INDIANAPOLIS – According to the Indiana Fiscal Policy Institute, the state’s property tax cap has allowed Hoosiers to keep more money in their pocket, but has forced local governments to find new revenue streams or make difficult cuts.
A report released Tuesday estimates that local governments have lost more than $760 million in revenue since the caps were implemented in 2009.
One study looked at 18 of the largest cities in Indiana, with the exception of Indianapolis. Researchers omitted the state’s largest city due to its unique city-county government structure.
Institute Director John Ketzenberger said some communities took a bigger fiscal hit than others.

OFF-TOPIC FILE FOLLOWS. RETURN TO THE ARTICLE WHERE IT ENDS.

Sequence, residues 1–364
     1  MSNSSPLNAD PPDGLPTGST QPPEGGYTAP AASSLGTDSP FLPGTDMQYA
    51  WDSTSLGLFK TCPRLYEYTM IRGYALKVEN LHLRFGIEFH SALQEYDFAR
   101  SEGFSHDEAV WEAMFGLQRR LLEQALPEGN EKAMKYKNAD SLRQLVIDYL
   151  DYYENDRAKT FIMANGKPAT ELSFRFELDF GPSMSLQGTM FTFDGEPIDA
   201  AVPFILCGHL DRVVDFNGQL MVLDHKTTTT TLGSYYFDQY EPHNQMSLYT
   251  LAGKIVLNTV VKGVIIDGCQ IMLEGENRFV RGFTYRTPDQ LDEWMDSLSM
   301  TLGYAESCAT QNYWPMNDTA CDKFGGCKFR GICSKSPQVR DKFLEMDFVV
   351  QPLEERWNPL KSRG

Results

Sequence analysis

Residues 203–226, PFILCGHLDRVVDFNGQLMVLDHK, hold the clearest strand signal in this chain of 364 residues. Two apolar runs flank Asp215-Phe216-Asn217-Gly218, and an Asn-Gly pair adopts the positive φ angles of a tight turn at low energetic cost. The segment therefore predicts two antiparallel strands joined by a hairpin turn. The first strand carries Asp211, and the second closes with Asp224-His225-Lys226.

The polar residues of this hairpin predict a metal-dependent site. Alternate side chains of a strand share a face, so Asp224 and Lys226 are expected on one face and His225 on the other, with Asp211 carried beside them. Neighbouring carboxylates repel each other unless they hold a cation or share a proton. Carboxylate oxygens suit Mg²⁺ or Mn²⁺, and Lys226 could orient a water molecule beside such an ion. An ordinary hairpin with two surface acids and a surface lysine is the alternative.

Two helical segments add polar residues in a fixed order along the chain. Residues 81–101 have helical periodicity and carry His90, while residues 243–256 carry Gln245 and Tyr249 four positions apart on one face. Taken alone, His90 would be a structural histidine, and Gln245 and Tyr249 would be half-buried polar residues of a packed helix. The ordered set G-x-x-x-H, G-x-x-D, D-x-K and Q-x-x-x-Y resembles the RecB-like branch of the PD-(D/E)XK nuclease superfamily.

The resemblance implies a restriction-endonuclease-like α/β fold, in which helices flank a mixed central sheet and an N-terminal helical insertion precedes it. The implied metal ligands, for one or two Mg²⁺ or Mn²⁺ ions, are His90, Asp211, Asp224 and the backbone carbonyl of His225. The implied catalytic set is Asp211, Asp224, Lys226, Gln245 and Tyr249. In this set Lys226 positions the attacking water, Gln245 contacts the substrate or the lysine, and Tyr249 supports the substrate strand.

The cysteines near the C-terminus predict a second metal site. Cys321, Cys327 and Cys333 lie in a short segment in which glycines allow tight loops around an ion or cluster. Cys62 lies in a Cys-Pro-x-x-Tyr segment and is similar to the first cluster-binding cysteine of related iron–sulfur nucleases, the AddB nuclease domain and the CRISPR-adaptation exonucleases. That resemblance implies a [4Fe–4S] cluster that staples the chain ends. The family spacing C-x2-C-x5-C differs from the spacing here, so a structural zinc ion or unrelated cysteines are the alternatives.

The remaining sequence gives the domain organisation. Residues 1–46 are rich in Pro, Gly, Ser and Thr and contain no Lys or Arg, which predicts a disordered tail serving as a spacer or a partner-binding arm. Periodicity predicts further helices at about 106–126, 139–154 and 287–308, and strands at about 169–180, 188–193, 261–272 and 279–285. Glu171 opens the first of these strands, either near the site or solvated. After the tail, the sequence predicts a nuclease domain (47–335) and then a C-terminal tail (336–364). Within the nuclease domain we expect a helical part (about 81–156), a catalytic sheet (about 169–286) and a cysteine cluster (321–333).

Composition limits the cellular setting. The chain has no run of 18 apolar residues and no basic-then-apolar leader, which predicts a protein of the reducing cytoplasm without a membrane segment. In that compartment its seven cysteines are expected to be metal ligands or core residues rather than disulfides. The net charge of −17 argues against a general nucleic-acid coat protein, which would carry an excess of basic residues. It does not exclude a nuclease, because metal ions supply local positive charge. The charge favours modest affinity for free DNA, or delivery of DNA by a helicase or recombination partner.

“The communities around Indianapolis have lost significant revenue to the property tax caps,” Ketzenberger said. “But they are growing so quickly that it doesn’t affect them as much as a community like Terre Haute which has lost a lot of its property tax base.”
With local property tax bases a fraction of what they were, local governments have turned to other sources for income. User fees on services like waste removal as well as local optional income taxes have been implemented to make up the difference in some communities.
“The legislature has in effect said to local governments you can’t raise as much in property tax as you once did,” Ketzenberger said. “It has really forced local governments to take on a larger policy-making role when it comes to how they will pay for local services.”